DBS Group is a leading financial services group in Asia with a presence in 18 markets. Headquartered and listed in Singapore, DBS is in the three key Asian axes of growth: Greater China, Southeast Asia, and South Asia. As of 31 December 2022, DBS has total assets of S$743 billion.
Since the lifting of the dividend cap, the stock prices of Singapore banks have continued to rise rapidly. I want to learn how DBS intends to leverage through the rising interest rate environment. Hence, here are 8 things I learned from the 2023 DBS Group AGM.
1. Total income increased 16% year-on-year to S$16.5 billion in FY22 from S$14.3 billion in FY21. Net interest income increased 40% to S$10.7 billion. The increase was boosted by a higher net interest margin as interest rates rose, as well as loan growth. Net interest income grew 11% in the first half and 48% in the second half compared to the year-ago period.
Treasury Markets decreased 22% to S$1.2 billion primarily due to lower investment product sales. Investment banking fees were also lower, as capital market activities slowed.
2. Net profit increased 20% year-on-year to a record S$8.2 billion. Earnings were propelled by tailwinds from a rising interest rate environment. Return on equity at 15%, was not just a record, but also significantly higher when compared to previous highs around the 12-13% range. .
3. Loan growth grew 4% or S$14 billion in constant-currency terms to S$420 billion. CEO Non-trade corporate loans increased 5% or SGD 13 billion from broad-based growth across countries and sectors. Trade loans rose 4% or SGD 2 billion, with an increase in the first half partially offset by a decline in the second half due to unattractive pricing. Housing loans grew 4% or SGD 3 billion, with the majority of the growth occurring in the second half. Other consumer loans fell 7% or SGD 3 billion as wealth management loans declined.
4. CASA (current account, savings account) ratio decreased to 60%. CASA deposits did flow out in the second half as expected. This is because interest rates rose and half of the earlier inflows did stay with DBS. DBS ended 2022 with CASA deposits of S$318 billion. The expanded CASA enabled DBS to enjoy higher leverage to rising rates than in prior years. Hence, this contributed to the strong total income growth.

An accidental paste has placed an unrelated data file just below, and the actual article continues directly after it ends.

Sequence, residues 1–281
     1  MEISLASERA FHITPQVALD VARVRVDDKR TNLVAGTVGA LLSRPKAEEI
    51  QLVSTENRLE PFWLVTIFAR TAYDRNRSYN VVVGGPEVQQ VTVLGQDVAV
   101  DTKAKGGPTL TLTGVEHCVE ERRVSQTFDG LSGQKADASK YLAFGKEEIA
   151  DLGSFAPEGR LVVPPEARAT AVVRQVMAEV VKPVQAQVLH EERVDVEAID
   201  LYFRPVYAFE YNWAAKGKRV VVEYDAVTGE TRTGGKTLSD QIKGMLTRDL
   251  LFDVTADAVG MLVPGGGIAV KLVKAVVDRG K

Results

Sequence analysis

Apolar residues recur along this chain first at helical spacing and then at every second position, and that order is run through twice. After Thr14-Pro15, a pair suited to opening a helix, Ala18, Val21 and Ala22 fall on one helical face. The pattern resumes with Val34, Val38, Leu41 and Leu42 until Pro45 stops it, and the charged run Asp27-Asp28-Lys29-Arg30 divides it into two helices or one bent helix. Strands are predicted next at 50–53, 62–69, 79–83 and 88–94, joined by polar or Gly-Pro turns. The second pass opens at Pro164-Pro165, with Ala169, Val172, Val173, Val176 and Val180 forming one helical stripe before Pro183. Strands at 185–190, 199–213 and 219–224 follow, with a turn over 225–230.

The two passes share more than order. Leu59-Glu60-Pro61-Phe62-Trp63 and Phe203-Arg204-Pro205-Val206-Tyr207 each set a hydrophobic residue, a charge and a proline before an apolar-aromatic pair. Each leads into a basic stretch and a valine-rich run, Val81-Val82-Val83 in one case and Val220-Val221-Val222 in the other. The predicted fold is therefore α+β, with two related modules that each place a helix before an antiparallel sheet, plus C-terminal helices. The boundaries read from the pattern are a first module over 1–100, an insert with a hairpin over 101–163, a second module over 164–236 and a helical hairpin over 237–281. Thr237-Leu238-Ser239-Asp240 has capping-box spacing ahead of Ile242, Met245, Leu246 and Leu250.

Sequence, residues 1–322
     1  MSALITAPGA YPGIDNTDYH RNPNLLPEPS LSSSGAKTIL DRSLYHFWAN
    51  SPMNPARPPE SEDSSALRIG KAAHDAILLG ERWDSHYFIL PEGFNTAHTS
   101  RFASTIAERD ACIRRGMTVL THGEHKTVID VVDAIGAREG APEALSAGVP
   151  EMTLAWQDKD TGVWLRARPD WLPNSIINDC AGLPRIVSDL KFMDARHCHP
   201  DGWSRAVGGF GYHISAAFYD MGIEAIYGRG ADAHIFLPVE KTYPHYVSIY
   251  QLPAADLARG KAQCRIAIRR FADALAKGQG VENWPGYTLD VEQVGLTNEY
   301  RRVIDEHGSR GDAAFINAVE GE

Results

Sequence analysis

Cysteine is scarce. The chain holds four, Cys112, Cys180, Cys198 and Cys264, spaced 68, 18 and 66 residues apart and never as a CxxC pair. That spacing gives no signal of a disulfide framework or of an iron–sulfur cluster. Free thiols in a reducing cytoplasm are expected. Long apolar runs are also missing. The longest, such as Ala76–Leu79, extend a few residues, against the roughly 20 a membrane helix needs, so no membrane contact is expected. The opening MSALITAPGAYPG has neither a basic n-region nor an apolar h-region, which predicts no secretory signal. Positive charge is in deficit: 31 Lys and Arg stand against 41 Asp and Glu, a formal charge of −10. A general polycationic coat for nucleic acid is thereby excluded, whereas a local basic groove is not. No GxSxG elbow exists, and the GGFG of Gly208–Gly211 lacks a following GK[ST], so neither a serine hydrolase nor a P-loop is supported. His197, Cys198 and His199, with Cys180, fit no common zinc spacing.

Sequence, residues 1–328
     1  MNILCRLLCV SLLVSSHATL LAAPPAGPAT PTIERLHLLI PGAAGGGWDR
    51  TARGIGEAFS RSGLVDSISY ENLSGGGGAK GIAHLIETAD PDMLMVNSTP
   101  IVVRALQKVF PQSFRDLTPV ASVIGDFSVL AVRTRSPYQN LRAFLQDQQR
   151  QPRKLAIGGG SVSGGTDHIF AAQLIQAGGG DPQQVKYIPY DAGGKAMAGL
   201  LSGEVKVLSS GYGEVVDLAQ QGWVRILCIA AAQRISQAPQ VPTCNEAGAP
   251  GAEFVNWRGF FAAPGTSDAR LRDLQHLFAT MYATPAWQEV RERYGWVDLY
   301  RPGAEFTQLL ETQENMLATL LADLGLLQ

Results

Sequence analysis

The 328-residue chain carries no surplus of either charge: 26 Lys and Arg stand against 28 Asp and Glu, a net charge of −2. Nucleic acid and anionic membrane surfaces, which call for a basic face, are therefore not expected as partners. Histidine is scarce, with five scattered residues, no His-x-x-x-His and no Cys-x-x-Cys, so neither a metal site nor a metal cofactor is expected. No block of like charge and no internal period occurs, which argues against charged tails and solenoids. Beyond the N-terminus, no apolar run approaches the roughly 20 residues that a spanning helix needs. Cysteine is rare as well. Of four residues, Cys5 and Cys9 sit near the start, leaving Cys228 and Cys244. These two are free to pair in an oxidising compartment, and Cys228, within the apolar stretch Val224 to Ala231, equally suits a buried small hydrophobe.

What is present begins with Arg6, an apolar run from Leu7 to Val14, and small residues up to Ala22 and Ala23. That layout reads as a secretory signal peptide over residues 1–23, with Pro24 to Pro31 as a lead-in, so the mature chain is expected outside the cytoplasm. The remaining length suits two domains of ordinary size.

5. DBS declared a full year dividend at $2.00 per share, 4Q dividend up to 42 cents per share with a special dividend of 50 cents per share. This is in line with DBS policy of paying sustainable dividends that grow progressively with earnings. Barring unforeseen circumstances, annualised dividend will be S$1.68 per share.
6. DBS CEO Piyush Gupta did share his macro economic outlook. While uncertainties remain, macroeconomic conditions are improving. The DBS Management team do expect interest rates to hold for the rest of the year. Moreover, China’s reopening will begin to benefit the regional operating environment. There are also potential tail risks which are highlighted as well, (1) Uncertain impact of high interest rates, (2) Ongoing US-China geopolitical tensions and (3) Volatile market conditions.
7. The DBS Management Team also shared about the business outlook. Net Interest Margin guidance of 2.25% with 5-7bps downside risk due to outflows to T-bills, strengthening SGD and higher Treasury Markets funding costs. They also gave full year guidance of mid-single digit loan growth, double digit fee income growth. The Cost growth guidance at 9-10% which will bring the full year cost income ratio to come in just below 40%. Moreover, DBS’s capital and liquidity positions remain extremely strong.
8. Digital Transformation has been a key focus for DBS. DBS has been enhancing their digital platforms and increasingly using data and artificial intelligence to provide them with the tools and insights to manage wealth on their own. DBS is investing heavily in technology and innovation, and the bank’s digital initiatives have helped it to reach new customers and provide better services. The management team expects these technologies to converge and bring forth extraordinary use cases.
In conclusion, the DBS 2023 AGM provided valuable insights into the bank’s performance, strategies, and plans for the future. DBS’s commitment to digital transformation are positive developments that bode well for the bank’s long-term success. As an attendee, I am optimistic about DBS’s future prospects and look forward to seeing the bank continue to thrive in the years to come.
The rising interest rates was indeed a huge catalyst for DBS Group. As of now, the interest rates seem to be near the top and DBS might soon run out of steam or any tailwinds. At S$32.57 a share (as of 15 April 2023), DBS Group price-to-book ratio is 1.45, which is higher than its long-term historical average of 1.25. Although there may be some upside left, DBS looks expensive.
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Disclaimer: The information provided by LearnToInvest serves as an educational piece and is not intended to be personalised investment advice. Readers should always do their own due diligence and consider their financial goals before investing in any stock.